So, what happens if your cells have to produce ATP and there is no oxygen available at the moment? Anaerobic respiration (without oxygen) is used. Anaerobic respiration has some limitations. It only produces 2 ATP (instead of 30-38) and the by-product Lactic Acid due to the inability of the cell to fully break down the nutrients. The Lactic Acid then has to be broken down into less harmful wastes. This probably doesn’t sound very efficient but that’s because it really isn’t meant to replace Aerobic Respiration. It’s meant to augment it. Think of Anaerobic Respiration as a “Human Turbo”. This process is designed to provide a short-term turbo boost. In evolutionary terms, it was designed to give a person that extra burst when faced with a life-threatening situation. Let’s face it, someone isn’t apt to think about the lactic acid induced burning of their lungs and muscles while being chased by a bear set on making them dinner. Most of the body’s cells are still using oxygen (Aerobic Respiration) to produce the 30ish ATP per nutrient molecule. You haven’t stopped breathing while being chased. Instead, the body has devised a way to squeeze out some extra energy (ATP) from muscle cells that don’t have access to oxygen at that moment because of its increased consumption by other muscle cells. That extra ATP provides the “boost”. It does come at a cost, however. Your body can only carry this process out for around 90 seconds or so at the highest intensity levels. This is where your training comes in. Your body’s ability to increase training intensity without going into the farthest reaches of anaerobic respiration (Lactate Threshold) is highly trainable.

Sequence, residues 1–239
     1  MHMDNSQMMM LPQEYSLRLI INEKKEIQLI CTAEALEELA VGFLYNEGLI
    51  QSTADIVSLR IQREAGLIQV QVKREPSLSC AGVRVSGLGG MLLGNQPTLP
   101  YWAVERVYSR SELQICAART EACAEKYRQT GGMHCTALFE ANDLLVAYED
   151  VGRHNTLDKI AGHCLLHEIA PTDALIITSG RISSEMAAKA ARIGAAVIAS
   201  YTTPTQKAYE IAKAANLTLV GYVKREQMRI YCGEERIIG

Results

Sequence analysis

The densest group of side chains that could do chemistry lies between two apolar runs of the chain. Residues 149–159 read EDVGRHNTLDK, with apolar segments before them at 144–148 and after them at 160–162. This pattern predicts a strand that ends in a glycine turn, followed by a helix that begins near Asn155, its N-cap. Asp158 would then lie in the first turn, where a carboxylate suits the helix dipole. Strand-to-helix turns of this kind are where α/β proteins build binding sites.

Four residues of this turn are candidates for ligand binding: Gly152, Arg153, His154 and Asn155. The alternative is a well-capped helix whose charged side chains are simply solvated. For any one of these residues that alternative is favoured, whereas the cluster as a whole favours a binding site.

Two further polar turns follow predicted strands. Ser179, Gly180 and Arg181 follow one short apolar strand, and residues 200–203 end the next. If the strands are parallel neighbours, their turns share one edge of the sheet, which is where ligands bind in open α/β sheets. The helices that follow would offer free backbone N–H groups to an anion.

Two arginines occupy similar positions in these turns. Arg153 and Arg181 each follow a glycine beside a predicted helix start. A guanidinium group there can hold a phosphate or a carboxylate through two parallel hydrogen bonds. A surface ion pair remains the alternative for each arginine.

A common misconception is that your body switches from Aerobic to Anaerobic Respiration like a light switch. The reality is there’s a lot of “grey area” with any number of your body’s cells carrying out either at any given moment. A more accurate illustration would be a dimmer switch. During lower intensity training levels, a majority of your cells will be utilizing aerobic respiration. However, there will still be a much smaller amount of cells carrying out anaerobic respiration due to the absence of a molecule of oxygen at the precise moment of its necessity. As for exercise intensity increases, there will be a growing number of muscle cells making ATP without oxygen resulting in the dreaded lactic acid build up. As I mentioned before, appropriate training can be of great value here. The correct amount of stress for a specific period of time in the correct zone can keep that dimmer switch from becoming as bright as quickly. In other words, you can train your body to become more efficient resulting in fewer muscle cells forced to go anaerobic. The more muscle cells able to squeeze out 30ish ATP per food molecule, the more POWER!
The current systems of training levels use the area where the scales begin to tip between aerobic and anaerobic respiration as a baseline from which to calculate all other zones. This range is called Threshold or FTP (Functional Threshold Power) for power users. At this value lactic acid begins to be produced faster than the body can break it down. This results in a build-up leading to a burning sensation in the lungs and muscles. Aerobic training levels (ex. recovery, endurance, tempo) are below the threshold value. Anaerobic levels (ex. Functional Reserve Capacity, Anaerobic Capacity) are above it. Using these zones correctly can provide you with the maximum gains for your hard work.